‘The Pirouette House’ stands out in Thiruvananthapuram. It is designed by Vinu Daniel to promote sustainable living by using waste, mud, bricks and the 'Rat Trap' masonry method.
Laurie Baker, often referred to as the father of sustainable architecture, inspired several Indian architects to build structures that do not harm the environment. His primary construction material was mud, and even today, his innovative techniques are adopted to introduce passive cooling in modern buildings.
Vinu Daniel, founder of Wallmaker, an architectural firm in Trivandrum, is one of Laurie’s most ardent followers. For the last 13 years or so, he has been using sustainable practices diligently. His intricate planning and design has helped reduce the overall costs of a house, cut down the use of ACs, and most importantly, bring pack the dying practice of using bricks and mud in construction.
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His latest project is the alluring ‘Pirouette House’, a green marvel that infuses indigenous methods with contemporary homes.
Despite the urban backdrop of the city, the house is surrounded by trees, with a coconut tree situated inside the compound. Perhaps the most captivating aspect of this home are its surreal ‘dancing’ walls, which can leave you in a trance owing to the way they are designed.
Besides being a treat for the eyes, the walls promote natural light and air in the house. Additionally, the team has also used a technique for passive cooling called the ‘Rat Trap Bond’.
“Located right in the middle of an urban and crowded locality of Trivandrum, the site was a small plot that was being suffocated by other residential projects from all four sides.The client wanted a three bedroom house with a sense of privacy and openness in spite of being located in a crowded area,” Vinu tells The Better India.
What went behind the ‘dancing’ walls
Vinu has retained the charm of traditional houses by keeping a central courtyard and constructing all the other spaces around it.
Pirouette’s design takes inspiration from the unique masonry technique of Rat Trap practiced by renowned architect Laurie Baker, as this site didn’t offer the opportunity for soil excavation or for making mud blocks. By opting for bricks, the firm was also mindful about the dying industry of brick kilns in Trivandrum. They employed local artisans to promote this industry, Vinu says.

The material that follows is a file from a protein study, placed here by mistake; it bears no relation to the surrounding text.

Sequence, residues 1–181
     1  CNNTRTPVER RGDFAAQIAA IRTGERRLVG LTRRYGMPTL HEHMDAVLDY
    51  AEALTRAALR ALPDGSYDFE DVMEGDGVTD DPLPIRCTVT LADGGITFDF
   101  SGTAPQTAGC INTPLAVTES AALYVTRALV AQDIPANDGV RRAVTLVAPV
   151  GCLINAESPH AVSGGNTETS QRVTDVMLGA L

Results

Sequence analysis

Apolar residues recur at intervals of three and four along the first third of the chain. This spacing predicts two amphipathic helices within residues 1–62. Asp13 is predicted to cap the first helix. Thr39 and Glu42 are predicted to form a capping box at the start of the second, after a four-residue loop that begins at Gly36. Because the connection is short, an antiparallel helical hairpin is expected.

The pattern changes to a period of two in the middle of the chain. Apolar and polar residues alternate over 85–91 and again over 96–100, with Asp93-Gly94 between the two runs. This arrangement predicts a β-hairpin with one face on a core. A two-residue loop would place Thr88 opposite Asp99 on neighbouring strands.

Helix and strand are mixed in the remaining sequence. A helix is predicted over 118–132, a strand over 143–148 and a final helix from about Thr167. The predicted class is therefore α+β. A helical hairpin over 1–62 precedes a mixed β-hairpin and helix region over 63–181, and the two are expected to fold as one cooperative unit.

“The method is an aesthetic means to conceal structural and service elements. This inspiration steered the project in a clear direction to revive the use of kiln fired bricks, which are on the verge of extinction in an era of mass machine production. MMT Ferrocement shells are wafer-like structures which are steel reinforced arched shells with effective thickness of 2.5cm, and they take equal load of respective RCC slabs. They effectively reduce the overall cement consumption by 40% and steel consumption by 30%.These have been used as a replacement for the RCC slab in the roofing, as they are as strong as 1,200 kg/m2,” Vinu explains.
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Under the Rat Trap masonry construction method, the bricks are placed vertically rather than horizontally. This creates a cavity in the walls, but their thickness remains the same as a conventional brick masonry wall. The cavity helps cut down the number of bricks and mortar used. This further reduces carbon footprints and costs.
The cavities act as thermal insulators, providing warmth in winters and cool air in summers.
Vinu and his team further included an interesting twist by designing a series of slanting walls that looks like they are dancing left and right, converging only to support the ferrocement shell roof. The design of each wall is customised as per limited space availability and keeping the privacy of clients a priority. The design further elevates cross ventilation.
Vinu has also inculcated Baker’s principle of reusing waste in the construction process. After using bottles, scrap metal, coconut shells and broken bricks for his previous construction projects, this time, he has used discarded scaffolding pipes to form the central staircase and for the grillwork.
Waste wooden planks were pieced together for one part of the flooring in the living areas. “Cane has been acquired from the neighbourhood, treated and wound around the grillwork to create subtle screens for privacy and for various furniture,” he adds.
From tapping into local skills to innovating modern designs that coexist with nature and reducing carbon footprints during the construction, Vinu and his team show how one does not necessarily have to go deep into the forests or atop a hill to achieve sustainable living. A green oasis can be created right in the middle of concrete buildings too.